What Is "Labour Camp Management Software"?

labour camp management softwareI ask this question because "labour camp management software" was one of the top search terms for my blog today. Yes, it came with the British spelling of the word, "labor". I typed the search term into Google myself, and the first page is full of websites about "camp management software." Camp management software is something I understand. I can see the need for a camp of some sort to need software so that it can manage all of campers, programs, tasks, finances, and staff much more easily. But, labour camp management software?

There IS a Market For It

Yes, North Korea has several labor camps and perhaps Kim Jong-Un and his officials could use a little help managing everything that goes on in those camps. But, why would they want software for that? It leaves a digital paper trail of all their activities, creating more proof of the human rights abuses that happen behind those walls. It would also mean that North Korea would have to get its country Internet, and if North Korea got Internet access, then the entire dictatorship would crumble. I don't know if North Korea could handle labour camp management software. I mean, I don't think there's a strong technology industry or tech-focused education in North Korea. Training people in how to use this software would be such a hassle since you might even have to train them in how to use a computer.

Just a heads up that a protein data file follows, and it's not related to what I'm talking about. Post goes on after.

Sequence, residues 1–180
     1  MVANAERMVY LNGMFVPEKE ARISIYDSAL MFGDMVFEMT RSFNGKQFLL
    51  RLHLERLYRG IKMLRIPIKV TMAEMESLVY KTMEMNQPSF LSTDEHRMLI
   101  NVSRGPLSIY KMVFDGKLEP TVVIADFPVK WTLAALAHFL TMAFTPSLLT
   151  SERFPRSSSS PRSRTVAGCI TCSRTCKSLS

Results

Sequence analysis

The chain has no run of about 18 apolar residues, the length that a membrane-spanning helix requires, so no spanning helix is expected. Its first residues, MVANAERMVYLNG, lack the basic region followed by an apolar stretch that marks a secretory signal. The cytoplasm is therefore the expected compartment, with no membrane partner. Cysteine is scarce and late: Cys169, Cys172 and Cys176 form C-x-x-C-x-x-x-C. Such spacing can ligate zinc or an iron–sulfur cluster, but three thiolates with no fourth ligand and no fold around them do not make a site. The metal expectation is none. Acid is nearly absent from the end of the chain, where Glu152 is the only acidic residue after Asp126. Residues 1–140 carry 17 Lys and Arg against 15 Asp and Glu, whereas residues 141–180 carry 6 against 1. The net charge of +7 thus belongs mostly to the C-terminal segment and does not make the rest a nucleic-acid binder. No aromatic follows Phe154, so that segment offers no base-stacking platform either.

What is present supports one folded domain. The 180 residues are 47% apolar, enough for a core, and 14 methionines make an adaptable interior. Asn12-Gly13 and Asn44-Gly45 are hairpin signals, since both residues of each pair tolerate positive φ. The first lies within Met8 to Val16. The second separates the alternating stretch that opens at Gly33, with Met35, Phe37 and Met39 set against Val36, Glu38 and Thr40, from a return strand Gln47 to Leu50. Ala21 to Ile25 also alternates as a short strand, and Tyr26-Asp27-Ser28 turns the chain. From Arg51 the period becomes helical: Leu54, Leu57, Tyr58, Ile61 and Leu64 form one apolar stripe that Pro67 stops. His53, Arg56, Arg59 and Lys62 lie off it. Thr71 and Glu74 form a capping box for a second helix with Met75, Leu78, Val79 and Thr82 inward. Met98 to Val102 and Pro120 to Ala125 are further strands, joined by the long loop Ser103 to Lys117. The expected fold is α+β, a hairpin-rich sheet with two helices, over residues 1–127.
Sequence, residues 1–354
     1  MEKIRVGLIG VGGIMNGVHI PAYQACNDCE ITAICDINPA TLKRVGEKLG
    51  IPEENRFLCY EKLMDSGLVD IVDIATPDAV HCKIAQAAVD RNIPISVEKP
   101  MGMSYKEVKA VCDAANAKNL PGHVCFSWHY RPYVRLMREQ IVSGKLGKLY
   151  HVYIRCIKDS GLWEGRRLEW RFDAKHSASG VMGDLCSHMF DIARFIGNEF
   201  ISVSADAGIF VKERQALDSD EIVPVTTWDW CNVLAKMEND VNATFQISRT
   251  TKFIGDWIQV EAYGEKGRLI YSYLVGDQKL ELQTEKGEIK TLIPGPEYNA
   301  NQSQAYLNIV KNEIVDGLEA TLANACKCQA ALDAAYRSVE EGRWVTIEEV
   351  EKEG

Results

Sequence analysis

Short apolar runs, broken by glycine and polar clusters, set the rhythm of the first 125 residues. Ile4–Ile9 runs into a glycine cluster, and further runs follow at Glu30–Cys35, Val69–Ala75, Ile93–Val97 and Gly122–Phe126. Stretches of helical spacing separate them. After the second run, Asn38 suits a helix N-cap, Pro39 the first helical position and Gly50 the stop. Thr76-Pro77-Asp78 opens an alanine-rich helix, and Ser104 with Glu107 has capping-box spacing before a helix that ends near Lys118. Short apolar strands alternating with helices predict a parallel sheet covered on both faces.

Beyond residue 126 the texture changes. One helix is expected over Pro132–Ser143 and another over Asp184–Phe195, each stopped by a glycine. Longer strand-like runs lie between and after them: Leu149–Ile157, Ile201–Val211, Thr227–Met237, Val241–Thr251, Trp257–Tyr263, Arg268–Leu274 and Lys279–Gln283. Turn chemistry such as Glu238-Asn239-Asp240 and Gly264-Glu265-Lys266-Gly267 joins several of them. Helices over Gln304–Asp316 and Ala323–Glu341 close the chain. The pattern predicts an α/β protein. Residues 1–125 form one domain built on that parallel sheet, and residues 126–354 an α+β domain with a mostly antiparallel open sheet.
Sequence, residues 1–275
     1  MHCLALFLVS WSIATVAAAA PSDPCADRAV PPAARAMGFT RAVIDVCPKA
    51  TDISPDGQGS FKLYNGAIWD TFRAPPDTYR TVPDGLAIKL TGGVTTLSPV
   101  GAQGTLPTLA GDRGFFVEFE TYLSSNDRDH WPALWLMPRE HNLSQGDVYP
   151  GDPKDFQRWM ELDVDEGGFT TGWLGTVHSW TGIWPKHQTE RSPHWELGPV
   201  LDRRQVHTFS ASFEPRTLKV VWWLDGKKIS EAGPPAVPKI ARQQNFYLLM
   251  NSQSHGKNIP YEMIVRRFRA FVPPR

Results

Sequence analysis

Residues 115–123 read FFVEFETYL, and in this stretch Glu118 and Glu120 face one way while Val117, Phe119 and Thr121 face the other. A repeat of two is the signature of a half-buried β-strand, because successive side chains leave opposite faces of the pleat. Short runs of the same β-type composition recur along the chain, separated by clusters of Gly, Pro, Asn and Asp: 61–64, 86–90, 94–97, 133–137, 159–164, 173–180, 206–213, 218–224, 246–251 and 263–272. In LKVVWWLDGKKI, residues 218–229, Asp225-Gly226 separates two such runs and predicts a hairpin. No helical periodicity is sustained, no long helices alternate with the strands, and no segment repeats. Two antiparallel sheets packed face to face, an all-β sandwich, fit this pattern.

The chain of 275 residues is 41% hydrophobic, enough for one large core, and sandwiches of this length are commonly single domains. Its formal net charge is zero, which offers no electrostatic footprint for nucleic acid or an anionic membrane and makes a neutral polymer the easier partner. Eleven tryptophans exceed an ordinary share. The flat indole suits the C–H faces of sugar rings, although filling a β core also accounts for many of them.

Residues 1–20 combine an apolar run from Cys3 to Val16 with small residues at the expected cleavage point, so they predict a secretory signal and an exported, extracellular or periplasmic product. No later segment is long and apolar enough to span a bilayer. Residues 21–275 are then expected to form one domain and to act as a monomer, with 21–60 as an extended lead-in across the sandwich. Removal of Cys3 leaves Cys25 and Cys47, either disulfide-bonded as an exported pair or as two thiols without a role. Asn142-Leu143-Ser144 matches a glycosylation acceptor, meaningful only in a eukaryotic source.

Perhaps I'm Thinking About This a Little Too Hard